The Sacred Headwaters The Fight to Save the Stikine, Skeena, and Nass

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  • Format: Hardcover
  • Copyright: 2011-12-27
  • Publisher: Greystone Books
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In a rugged knot of mountains in northern British Columbia lies a spectacular valley known to the First Nations as the Sacred Headwaters. There, three of Canada's most important salmon rivers -- the Stikine, the Skeena, and the Nass -- are born in close proximity. Now, against the wishes of all First Nations, the British Columbia government has opened the Sacred Headwaters to industrial development. Imperial Metals proposes an open-pit copper and gold mine, called the Red Chris mine, and Royal Dutch Shell wants to extract coal bed methane gas across a tenure of close to a million acres. In The Sacred Headwaters, a collection of photographs by Carr Cliftonand members of the International League of Conservation Photographers -- including Claudio Contreras, Paul Colangelo, and Wade Davis-- portray the splendour of the region. These photographs are supplemented by images from other professionals who have worked here, including Sarah Leenof the National Geographic. The compelling text by Wade Davis, which describes the region's beauty, the threats to it, and the response of native groups and other inhabitants, is complemented by the voices of the Tahltan elders. The inescapable message is that no amount of methane gas can compensate for the sacrifice of a place that could be the Sacred Headwaters of all Canadians and indeed of all peoples of the world. The Sacred Headwaters, is a visual feast and a plea to save an extraordinary region in North America for future generations.

Author Biography

Wade Davis is explorer-in-residence at the National Geographic Society and is the author of numerous books, including One River and The Serpent and the Rainbow. He has lived and worked in the Stikine as a park ranger, guide, and anthropologist since 1978. He and his wife, Gail, own Wolf Creek Lodge, the closest private holding to both the Sacred Headwaters and the proposed site of the Red Chris mine. Robert F. Kennedy, Jr. serves as Chief Prosecuting Attorney for the Hudson Riverkeeper and was named one of Time magazine's "Heroes for the Planet" for his work in the fight to restore the Hudson River. Kennedy has worked on environmental issues across the Americas and has assisted several indigenous tribes in Latin America and Canada in successfully negotiating treaties protecting traditional homelands. Carr Clifton, landscape photographer and award-winning documentary filmmaker, has spent thirty years exploring endangered, wild landscapes. A native Californian, Clifton began photographing in 1977 and his portfolio showcases landscapes from Arctic Alaska to the Amazon Basin.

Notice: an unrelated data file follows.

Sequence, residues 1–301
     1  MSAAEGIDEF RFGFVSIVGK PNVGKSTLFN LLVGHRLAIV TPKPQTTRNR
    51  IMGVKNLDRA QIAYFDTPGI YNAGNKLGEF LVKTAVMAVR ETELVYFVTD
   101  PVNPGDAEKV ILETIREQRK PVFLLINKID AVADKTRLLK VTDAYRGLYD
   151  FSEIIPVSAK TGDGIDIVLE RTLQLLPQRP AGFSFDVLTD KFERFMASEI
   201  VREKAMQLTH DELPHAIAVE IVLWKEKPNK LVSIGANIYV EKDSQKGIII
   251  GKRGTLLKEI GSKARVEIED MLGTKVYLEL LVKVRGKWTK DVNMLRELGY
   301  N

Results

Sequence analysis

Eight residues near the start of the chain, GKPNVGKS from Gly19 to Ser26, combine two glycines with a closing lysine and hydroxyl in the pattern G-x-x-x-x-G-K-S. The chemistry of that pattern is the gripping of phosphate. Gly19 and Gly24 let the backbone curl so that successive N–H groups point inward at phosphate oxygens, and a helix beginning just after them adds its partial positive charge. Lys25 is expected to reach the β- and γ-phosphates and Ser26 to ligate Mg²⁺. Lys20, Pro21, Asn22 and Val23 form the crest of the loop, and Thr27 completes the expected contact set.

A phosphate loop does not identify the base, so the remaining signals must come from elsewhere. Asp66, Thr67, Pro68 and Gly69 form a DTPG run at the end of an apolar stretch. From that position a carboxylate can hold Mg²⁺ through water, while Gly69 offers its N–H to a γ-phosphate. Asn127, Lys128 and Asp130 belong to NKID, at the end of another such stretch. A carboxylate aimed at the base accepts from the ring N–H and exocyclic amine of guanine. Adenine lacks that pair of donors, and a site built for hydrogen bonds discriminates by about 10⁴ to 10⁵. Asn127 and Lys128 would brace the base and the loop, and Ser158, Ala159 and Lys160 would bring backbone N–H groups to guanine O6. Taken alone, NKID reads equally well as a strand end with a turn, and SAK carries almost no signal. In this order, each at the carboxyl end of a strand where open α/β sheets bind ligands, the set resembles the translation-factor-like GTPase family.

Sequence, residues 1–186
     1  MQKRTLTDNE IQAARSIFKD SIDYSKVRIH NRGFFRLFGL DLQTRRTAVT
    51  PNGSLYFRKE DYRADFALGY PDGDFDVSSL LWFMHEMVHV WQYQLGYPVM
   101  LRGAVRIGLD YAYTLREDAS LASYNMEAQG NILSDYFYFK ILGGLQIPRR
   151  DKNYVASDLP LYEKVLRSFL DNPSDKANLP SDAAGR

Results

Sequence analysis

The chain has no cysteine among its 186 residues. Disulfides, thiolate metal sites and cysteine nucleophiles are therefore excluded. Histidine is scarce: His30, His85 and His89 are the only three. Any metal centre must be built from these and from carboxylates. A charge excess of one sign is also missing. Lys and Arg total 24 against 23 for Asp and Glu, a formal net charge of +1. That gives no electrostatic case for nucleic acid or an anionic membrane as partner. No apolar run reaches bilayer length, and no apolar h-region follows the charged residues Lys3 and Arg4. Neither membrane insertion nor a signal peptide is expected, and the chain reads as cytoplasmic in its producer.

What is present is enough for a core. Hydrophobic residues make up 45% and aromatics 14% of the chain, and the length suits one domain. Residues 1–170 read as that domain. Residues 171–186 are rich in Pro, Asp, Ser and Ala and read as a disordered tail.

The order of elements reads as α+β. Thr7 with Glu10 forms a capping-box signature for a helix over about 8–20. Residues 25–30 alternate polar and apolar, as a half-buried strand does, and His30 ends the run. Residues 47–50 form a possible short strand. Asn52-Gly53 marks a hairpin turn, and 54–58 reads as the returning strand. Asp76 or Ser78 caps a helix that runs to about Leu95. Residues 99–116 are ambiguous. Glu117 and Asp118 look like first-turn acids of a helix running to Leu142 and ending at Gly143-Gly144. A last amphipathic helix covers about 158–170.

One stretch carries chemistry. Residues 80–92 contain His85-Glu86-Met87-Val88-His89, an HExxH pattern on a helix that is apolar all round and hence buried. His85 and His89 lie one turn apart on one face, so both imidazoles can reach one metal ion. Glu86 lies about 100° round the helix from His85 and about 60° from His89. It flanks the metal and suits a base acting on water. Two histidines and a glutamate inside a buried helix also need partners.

In the summer of 1879, John Muir went prospecting for glaciers, a journey that led him a thousand miles up the coast of British Columbia to Alaska and the mouth of the Stikine River. He disembarked at Wrangell, gateway to the interior, but was not impressed. Gold had been found on the lower reaches of the Stikine in 1861, and a later, richer strike farther inland in the Cassiar had brought a rush of dreamers and drifters, thousands of miners whose presence stunned the native Tlingit and transformed Wrangell into a "lawless draggle of wooden huts." Once upon the river, however, moving by paddle wheeler steadily through the islands of the delta, where eagles gathered by the thousands to feast on salmon runs so rich they colored the sea, his mood shifted to delight. In every direction he saw signs of the wild. Immense forests of hemlock and Sitka spruce rose to soaring mountain walls adorned in waterfalls and ice. Grizzly bears and white wolves walked the shoreline amidst clouds of cottonwood down. The entire valley, wrote Muir, was a flowery landscape garden, a Yosemite, as he described it, a hundred miles long. In a long day's journey, he counted over a hundred glaciers. Reaching the tent settlement at the head of navigation, Muir was keen to see more. As soon as opportunity permitted, he climbed Glenora, a rocky crag rising directly from the river to seven thousand feet. From the summit this veteran of a thousand strolls in the Sierra Nevada looked west toward the Coast Mountains, through which he had just traveled. "I never before had seen," he later wrote, "so richly sculptured a range or so many awe-inspiring inaccessible mountains crowded together." From this vantage, he tallied another two hundred glaciers. With night drawing near, "I ran down the flowery slopes exhilarated, thanking God for the gift of this great day." Returning to California, Muir named his beloved dog Stikine, after this river of enchantment. Standing today on the summit of Mount Glenora, in an August snow squall, with raptors scraping the sky and ravens yielding to the ice, one cannot help but think of this grand old man of conservation. His visit to the Stikine was fleeting, mere days, and what he saw of the river was but the lower third. Had his eyes turned north and east, down the snowmelt gullies and past the tangled spruce, beyond the rivers, lakes, and jagged peaks, they would have fallen upon uninhabited valleys larger than entire countries, a wild horizon where Canada could hide England and the English would never find it. What would he have made of the soaring plateaus of the Spatsizi, land of the red goat, a vast wilderness aptly named the Serengeti of Canada for its herds of Osborne caribou and great populations of Stone sheep, mountain goat, moose, grizzly bears, marmots, and wolves? Or of the depths of the Grand Canyon, Canada's largest, where the Stikine disappears into the earth, a raging torrent that flows for more than sixty miles beneath cliffs of basalt and sedimentary rock rising twelve hundred feet straight up from the river's edge? To the south of the canyon looms Edziza, Ice Mountain, a towering dormant volcano veiled perpetually in cloud and capped at nine thousand feet with an ice field eight miles across. To reach Edziza from the north can mean crossing a lava field so rough that local guides whimsically measure distance not in miles but in pairs of boots worn out by the effort. For the Tahltan people, whose traditional territory encompasses all twenty thousand square miles of the upper Stikine drainage, Edziza was said to be alive; like a wild animal, it could only be approached from downwind by those who had earned the right, through ritual purification, celibacy, and daily immersion in cold water for eight months. It was a place to hunt, to seek visions, but also a source of wealth, for beyond the southern flanks are vast fields of obsidian, what the Tahltan call the "black blood of the mountain." Scattered for miles are tens of thousands of shards and worked stones, great boulders of volcanic glass, and everywhere evidence of ancient sites that sent this precious commodity along trade routes that reached across the sea to Haida Gwaii and east and south as far as the Great Plains. Had John Muir been free to follow the Stikine into its canyon, he would have found canyons within canyons, great walls of vertical rock and immense individual buttresses, each cut off from the next by deep clefts that defy easy passage. Two miles on the map consumes a day, assuming a track can be found through the deadfall left behind on the rim by the fires that regularly sweep the mesas, fueled by stiff winds that blow each afternoon from the coast. Muir would have relished the isolation, the sense of emptiness. Beyond the muted rush of the river far below, and the odd cry of a kestrel, there is a silence so profound that small stones dislodged by wildlife ring like bells as they drop against the canyon walls. Stepping toward the edge of the precipice, he would no doubt have been enchanted as scores of ravens spun ever and ever-tighter spirals above his head. It is the way the birds kill mountain goats, dulling their senses until, dizzy with vertigo, the animals fall to their deaths on the rocks below. If Muir had emerged from the Grand Canyon of the Stikine and followed the traditional trade route to the interior, within three days he would have reached the most enchanted land of all, Klabona, a wide and high, stunningly beautiful valley known to the Tahltan and other First Nations as the Sacred Headwaters. Thanks to the labor of Tseskiye Cho, the Big Raven who forged the world, Klabona is the land of origins, the birthplace of all waters, the source of three of North America's most important salmon rivers: the Stikine, the Skeena, and the Nass. The Stikine begins as snowmelt trickle on the flank of Mount Umbach, just above the Skelhorne Pass, doorway to the Spatsizi. The Nass is born of a lake nestled in a rugged knot of mountains across the valley just to the south. At the very heart of the Sacred Headwaters lies a still cobaltblack pond. From one end issues a creek that flows into the Spatsizi, a high affluent of the Stikine. From the other side, the waters go east to birth the Skeena. Nearby is a remarkable stone, as elegant in form as a Henry Moore sculpture, cleft perfectly in half as if to mark the divide. A leaf floating on the surface of the pond could go either way, 340 miles down the Stikine through the canyon to the sea or down the Skeena some 360 miles to Prince Rupert and out to the salmon waters of Haida Gwaii. Thus, in a long day, perhaps two, it is possible to walk through open meadows, following the tracks of grizzly, caribou, and wolf, and drink from the very sources of the rivers that inspired so many of the great cultures that cradled the civilization of the Pacific Northwest: the Gitxsan and Wet'suwet'en, the Carrier and Sekani, the Tsimshian, Nisga'a, Haisla, Tlingit, Tahltan, and Haida.